Scott Pilgrim has tanked
While Jonas Brothers survive:
Proof there is no God.
What a time for us aging comics fans. I remember Stan Lee’s pipe dreams in 70s Marvel Comics, promising us that a Silver Surfer film was in the works, that a big-screen X-men movie was coming any day now, true believers. Now we have not only the movies, but also reprints of the source material in easy-to-find trade paperbacks. Most of North America still shakes its head at the nerds and hipsters who read comics, but they are at least resigned to tolerating them.
And then there are those who love or even worship the nerd. I myself am in love with a girl who kicks my ass at Mario Kart. And we both love Scott Pilgrim, especially the new film by Edgar Wright, which takes a good series of graphic novels and uploads them to the big screen with a style and visual language and energy that other adaptations rarely reach (or even attempt). Iron Man 2 is a limp afterthought-sequel by comparison.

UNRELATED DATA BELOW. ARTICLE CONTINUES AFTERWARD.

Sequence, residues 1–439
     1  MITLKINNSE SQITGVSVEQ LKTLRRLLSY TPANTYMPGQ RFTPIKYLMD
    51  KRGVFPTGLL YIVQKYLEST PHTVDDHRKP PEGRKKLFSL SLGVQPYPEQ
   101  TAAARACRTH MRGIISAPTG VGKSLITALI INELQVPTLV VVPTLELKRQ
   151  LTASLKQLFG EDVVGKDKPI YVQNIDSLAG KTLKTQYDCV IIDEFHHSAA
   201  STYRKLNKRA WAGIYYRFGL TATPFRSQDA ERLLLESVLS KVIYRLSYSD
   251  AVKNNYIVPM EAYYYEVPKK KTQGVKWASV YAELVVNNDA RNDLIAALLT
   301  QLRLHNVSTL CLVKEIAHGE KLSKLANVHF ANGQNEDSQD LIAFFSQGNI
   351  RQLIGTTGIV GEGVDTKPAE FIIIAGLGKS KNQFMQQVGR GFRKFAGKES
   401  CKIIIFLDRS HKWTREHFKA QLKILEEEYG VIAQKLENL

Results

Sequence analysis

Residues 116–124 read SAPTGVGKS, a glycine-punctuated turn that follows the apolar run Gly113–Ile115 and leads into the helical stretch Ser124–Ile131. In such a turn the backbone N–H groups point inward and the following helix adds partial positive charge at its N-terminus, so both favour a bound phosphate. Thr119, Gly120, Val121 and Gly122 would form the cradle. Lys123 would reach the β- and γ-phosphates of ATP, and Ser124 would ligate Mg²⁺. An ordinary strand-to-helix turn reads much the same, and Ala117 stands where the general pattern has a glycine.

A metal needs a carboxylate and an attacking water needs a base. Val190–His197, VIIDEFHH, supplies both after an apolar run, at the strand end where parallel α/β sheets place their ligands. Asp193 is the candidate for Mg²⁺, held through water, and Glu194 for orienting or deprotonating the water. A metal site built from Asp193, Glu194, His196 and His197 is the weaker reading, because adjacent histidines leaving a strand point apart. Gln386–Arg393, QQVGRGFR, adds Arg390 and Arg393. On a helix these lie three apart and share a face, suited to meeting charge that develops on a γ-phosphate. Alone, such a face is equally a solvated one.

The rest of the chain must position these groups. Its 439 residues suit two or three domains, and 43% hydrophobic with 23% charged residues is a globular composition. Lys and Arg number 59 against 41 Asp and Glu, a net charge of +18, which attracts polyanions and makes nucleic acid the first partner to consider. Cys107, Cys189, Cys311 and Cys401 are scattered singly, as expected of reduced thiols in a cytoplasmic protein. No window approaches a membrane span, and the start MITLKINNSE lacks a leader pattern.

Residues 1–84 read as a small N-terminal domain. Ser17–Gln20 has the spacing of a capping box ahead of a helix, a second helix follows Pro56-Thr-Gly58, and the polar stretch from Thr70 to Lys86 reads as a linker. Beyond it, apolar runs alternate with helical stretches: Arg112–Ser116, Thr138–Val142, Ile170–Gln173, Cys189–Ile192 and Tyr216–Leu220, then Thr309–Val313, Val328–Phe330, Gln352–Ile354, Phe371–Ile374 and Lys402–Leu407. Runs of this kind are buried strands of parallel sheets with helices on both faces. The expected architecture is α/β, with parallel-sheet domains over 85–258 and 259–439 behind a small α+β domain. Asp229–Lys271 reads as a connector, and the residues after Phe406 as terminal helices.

Much ink has been spilled about the surface elements of this film: the homages to video games, the comic book-style impact lettering, the Canadianisms; but at its heart, Scott Pilgrim Vs. The World is a fusion of a coming of age film and a heroic journey. Michael Cera, as the 22-year-old Scott, brilliantly mixes the anxiety of young manhood with the weariness of a character like Rob in High Fidelity. Like Rob, Pilgrim has enough of a romantic past that he has been wounded and wounded others. He is both thrilled to have a chance with the exotic (American!) Ramona Flowers and insecure about her past.
As much as we are probably meant to identify with Scott, I found myself identifying with Ramona too. There are wonderful, quiet moments peppered throughout the sight gags and smart exchanges that give us a glimpse of the damaged hearts trying to connect. One that I particularly recall:
Scott – You disappeared.
Ramona – Yeah, I do that.
Like Ramona and Scott, most of us have made some bad calls with relationships, are scared of getting hurt again, and might even have an evil ex or two. In the end, Scott Pilgrim Vs. The World offers a message of hope and redemption with a kick-ass soundtrack and fight scenes.
High-five, fellow nerds.